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Friday, May 20, 2022
HomeBusinessGovt Is Driving Exchange Rate Movements: ZNCC

Govt Is Driving Exchange Rate Movements: ZNCC

Government’s short-term financing model for its on-going programs and developmental projects has been the major driver of the rapid depreciation in the local currency contrary to notions that economic saboteurs are at play, a leading business body has said.

In its submissions to the Ministry of Finance and Economic Development and the Reserve Bank of Zimbabwe (RBZ) the Zimbabwe National Chamber of Commerce (ZNCC) said Government is currently the major holder of Zimbabwean dollar deposits and lack of strategic disbursements of those funds into the market has been catastrophic.

This was in response to President Emmerson Mnangagwa’s interventions to the currency crisis which were announced over the weekend.

“Government is using short-term financing mechanisms to finance the Emergency Road Rehabilitation Programme, Construction of Dams and funding critical programmes like Census and bi-elections. The Zimbabwean dollar being paid by Government to the contractors is ending up chasing the greenback on the parallel market as they seek to preserve value,” said ZNCC in a paper released today.

“Therefore, the conclusion from the Government that negative economic sentiments not fundamentals are driving the economy is partially incorrect. The fundamentals such as money supply and foreign exchange management are misaligned and those are actually driving negative sentiments not blaming the adverse expectations.”

The local currency took off a radical downward path in April, losing around 50 percent of its value to currently trading around ZWL$ 400 against the American dollar on the alternative market.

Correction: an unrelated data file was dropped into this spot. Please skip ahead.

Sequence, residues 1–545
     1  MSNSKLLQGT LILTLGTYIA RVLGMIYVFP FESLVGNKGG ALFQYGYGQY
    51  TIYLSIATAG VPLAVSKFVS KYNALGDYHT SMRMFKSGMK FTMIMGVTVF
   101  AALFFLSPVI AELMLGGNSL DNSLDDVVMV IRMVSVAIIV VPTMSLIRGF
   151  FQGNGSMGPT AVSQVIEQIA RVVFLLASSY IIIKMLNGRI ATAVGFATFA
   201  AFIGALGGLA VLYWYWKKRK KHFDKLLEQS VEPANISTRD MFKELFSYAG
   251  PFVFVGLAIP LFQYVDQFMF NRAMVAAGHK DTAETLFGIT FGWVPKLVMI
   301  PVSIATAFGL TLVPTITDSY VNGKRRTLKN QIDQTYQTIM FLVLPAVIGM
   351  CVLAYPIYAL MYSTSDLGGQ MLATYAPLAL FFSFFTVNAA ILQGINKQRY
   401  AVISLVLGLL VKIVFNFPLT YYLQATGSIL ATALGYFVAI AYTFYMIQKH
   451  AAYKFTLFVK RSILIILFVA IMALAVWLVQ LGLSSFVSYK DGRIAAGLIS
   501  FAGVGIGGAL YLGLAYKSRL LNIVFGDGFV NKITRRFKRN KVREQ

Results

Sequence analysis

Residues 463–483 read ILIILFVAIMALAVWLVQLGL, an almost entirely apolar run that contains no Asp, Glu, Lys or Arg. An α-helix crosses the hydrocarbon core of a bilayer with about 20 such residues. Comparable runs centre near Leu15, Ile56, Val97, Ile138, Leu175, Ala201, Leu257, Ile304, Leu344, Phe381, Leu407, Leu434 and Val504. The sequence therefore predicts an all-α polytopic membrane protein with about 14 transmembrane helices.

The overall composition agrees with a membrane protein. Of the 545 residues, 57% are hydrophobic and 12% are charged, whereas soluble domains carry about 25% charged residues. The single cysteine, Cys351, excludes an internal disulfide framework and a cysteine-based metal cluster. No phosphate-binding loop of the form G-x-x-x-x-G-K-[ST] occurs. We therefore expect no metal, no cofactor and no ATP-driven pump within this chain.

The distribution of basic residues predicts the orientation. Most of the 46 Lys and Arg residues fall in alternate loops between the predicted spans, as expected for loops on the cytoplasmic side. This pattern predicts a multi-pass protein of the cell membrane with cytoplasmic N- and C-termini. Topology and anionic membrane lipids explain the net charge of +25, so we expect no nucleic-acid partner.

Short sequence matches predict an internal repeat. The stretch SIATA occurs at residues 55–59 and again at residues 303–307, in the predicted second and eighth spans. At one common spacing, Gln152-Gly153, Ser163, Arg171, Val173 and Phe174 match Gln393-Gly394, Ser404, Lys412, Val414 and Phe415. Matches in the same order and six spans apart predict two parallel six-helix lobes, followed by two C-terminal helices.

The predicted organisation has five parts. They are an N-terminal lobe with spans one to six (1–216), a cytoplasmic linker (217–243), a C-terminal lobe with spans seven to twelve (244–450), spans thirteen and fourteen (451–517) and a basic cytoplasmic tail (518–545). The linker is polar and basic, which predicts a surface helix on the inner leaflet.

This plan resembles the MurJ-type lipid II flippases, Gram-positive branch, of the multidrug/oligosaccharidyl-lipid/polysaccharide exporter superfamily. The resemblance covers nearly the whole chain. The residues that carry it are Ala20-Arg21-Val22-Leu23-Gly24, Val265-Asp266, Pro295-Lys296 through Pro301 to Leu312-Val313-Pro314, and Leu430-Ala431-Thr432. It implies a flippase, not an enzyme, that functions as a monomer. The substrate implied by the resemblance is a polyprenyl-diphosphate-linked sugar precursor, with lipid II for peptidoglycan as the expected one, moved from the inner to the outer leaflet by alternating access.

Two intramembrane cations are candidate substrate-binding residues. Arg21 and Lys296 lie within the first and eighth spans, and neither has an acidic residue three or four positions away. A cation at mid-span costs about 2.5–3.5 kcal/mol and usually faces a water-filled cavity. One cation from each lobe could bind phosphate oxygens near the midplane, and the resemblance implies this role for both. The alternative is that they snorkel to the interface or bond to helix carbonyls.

Government is however convinced that the recent exchange rate movements are being driven by negative sentiments and economic agents as opposed to economic fundamentals.

Month-on-month inflation in April 2022 reached 15.5 percent gaining 9.2 percentage points on the March 2022 rate of 6.3 percent. The year-on-year inflation rate for the month of April 2022 as measured by the all items Consumer Price Index stood at 96.4 percent raising fears that the country could be sliding into the pre-dollarization economic crisis of 2008.

Matters are compounded by the fact that authorities seem to be inconsistent in their policies after the Central Bank reintroduced the interbank market last week after having disbanded it prior to the establishment of the auction system.

“The re-introduction of the Interbank Foreign Exchange Market entails that we now have three prices for the local currency as determined on the Foreign Exchange Auction System, the Interbank Forex Market and the Parallel Foreign Exchange Market. Surprisingly, the commodity being sold is one, and also produced by one Central Bank. It’s also a fallacy to anticipate that the Interbank Rate and Auction Rate will converge overtime since the auction has been the loophole for arbitrage opportunities,” said ZNCC.

The business body further castigated government stance on suspending lending by banks as a stop gap measure against what it called speculative borrowing which was driving the exchange rate.

“The Government has suspended banking but banks remain intact. This legitimizes a parallel banking system with usurious interest rates and no investor would be attracted to such an economy where lending can be suspended overnight. This is a step back in the “Zimbabwe is open for business” mantra.”

This is  not the first time a business organisation has cautioned government this year over the worsening economic environment after the Confederation of Zimbabwe Industries warned of immediate crash of the Zimbabwe dollar, criticism the Central Bank quickly rubbished as based on speculation.

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